December is the month in which some Christians celebrate the Feat of the Holy Innocents in commemoration of the biblical massacre of the children of Bethlehem. This year Americans had little need of such remembrances, as the horrors of biblical Bethlehem came to us.
There has been much said on gun control and mental health care after the massacre of schoolchildren and their teachers in Newton, Conn. Some of it has been valuable and full of insight. Much of it has not. I cannot explain why this happened or propose a solution that could keep such a tragedy from ever happening again. Here is the thing about that: no one really knows yet.
There was a curious and entirely understandable impulse that started circulating after the massacre. The idea was that we should remember the victims and banish Adam Lanza, the shooter, from our collective national memory, so as not to “reward” Lanza with posthumous fame for what he did, like so many other mass murderers in recent history.
It is unfortunate that this solution is, as Mencken once quipped, neat, plausible and wrong. What we should be doing is actually the exact opposite.
Remembering the dead children, as right as it may feel, will not save more children in the future. What made Sandy Hook so uniquely tragic is that it was just like so many other American communities in every way except one: it had Adam Lanza. That is the variable in this tragic equation and that is where we need to be focusing.
Consider the tragedy that ushered in the modern era of school shootings: Columbine. Eric Harris and Dylan Klebold are household names, famous enough that I was able to find a painting in an art gallery in Magdeburg, Germany titled simply “Dylan and Eric.”
From these two we constructed our collective picture of a school shooter: an angry loner, dressed in black, ceaselessly bullied, filled with hatred of more popular kids, obsessed with violent video games and movies, who just can’t take it anymore one day and snaps.
Yet almost none of it was true. Harris was a sociopath whose major problem was not bullying but rather his utter contempt for human life. Klebold was an unstable depressive manipulated into joining him. Both loved violent movies and video games to be sure (making them just like most other teenage males), but Harris in particular also had an affinity for Euripides and Shakespeare, making the question of media influences considerably more complicated than it was popularly assumed to be.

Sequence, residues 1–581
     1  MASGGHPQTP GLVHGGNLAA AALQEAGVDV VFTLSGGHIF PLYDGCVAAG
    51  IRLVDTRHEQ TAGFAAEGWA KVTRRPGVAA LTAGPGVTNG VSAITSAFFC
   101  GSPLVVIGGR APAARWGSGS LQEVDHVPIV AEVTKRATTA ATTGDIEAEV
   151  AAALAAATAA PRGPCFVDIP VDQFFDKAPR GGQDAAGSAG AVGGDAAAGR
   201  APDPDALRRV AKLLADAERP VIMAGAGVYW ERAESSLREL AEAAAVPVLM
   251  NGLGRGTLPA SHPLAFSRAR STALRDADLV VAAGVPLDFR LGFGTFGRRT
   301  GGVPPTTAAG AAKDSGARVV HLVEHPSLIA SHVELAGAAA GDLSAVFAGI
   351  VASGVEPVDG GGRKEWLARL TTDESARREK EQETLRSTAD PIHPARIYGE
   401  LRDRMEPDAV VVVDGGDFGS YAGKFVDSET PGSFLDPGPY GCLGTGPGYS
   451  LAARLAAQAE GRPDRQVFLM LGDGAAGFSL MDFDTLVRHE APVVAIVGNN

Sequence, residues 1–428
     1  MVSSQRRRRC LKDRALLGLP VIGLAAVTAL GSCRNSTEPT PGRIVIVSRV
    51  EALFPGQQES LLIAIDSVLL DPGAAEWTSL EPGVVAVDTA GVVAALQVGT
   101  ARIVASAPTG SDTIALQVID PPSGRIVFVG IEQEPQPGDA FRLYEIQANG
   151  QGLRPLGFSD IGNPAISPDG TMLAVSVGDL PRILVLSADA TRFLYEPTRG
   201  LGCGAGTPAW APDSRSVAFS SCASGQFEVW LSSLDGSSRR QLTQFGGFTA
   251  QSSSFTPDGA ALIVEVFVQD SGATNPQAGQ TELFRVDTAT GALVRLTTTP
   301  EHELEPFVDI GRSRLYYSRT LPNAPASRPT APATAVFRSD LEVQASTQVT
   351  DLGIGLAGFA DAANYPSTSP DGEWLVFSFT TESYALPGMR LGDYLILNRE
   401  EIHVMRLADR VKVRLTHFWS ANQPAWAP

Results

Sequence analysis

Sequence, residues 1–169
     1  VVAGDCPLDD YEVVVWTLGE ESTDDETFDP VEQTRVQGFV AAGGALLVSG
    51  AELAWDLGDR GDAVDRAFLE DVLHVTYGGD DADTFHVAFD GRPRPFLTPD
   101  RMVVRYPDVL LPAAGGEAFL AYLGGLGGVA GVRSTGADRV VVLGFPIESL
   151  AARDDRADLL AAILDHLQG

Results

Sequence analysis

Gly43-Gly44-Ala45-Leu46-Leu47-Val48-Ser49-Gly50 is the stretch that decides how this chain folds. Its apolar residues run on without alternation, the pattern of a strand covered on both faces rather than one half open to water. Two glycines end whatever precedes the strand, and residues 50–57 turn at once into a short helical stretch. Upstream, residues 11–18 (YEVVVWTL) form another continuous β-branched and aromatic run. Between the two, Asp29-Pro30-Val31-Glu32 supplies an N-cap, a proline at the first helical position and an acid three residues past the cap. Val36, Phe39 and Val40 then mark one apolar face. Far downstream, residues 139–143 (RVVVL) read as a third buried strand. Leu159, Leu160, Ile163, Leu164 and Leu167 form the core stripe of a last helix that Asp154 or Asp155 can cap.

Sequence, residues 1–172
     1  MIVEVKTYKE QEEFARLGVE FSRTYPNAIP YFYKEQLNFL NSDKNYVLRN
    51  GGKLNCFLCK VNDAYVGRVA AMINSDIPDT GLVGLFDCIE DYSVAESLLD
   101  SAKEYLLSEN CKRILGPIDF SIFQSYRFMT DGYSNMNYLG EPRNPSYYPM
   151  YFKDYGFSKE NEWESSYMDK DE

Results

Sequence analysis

This image never took root in the public imagination because by the time it was put together, the public had long since moved on to other things and our neat little boxes were too well organized to be switched around again. Liberals decided that easy access to guns were really the problem. Conservatives took aim at a decadent and bloody media culture. Everyone of whatever political affiliation uttered generic platitudes about the cruelty of high school.
To their credit, specialists did change how they approached school shootings because of Columbine. Changes in police tactics away from establishing perimeters, for example, saved lives at Virginia Tech years later. A new FBI profile on school shooters foiled plots nationwide. But for most Americans, a lesson that should have been seared into us all, that evil often fails to package itself in a way convenient to us, was left unlearned.
It’s possible that poor gun control laws are responsible for what happened. It’s possible that gaps in the mental health care net in this country are responsible for what happened. What we can be sure of is that Adam Lanza is responsible for what happened beyond a doubt, yet it seems no one really wants to talk about him anymore. If we don’t understand what made him do it, then we have not learned the lessons of Sandy Hook.
Let’s keep the memories of those children alive by all means. But as terrible as I feel saying it, Adam Lanza is the one name we cannot afford to forget.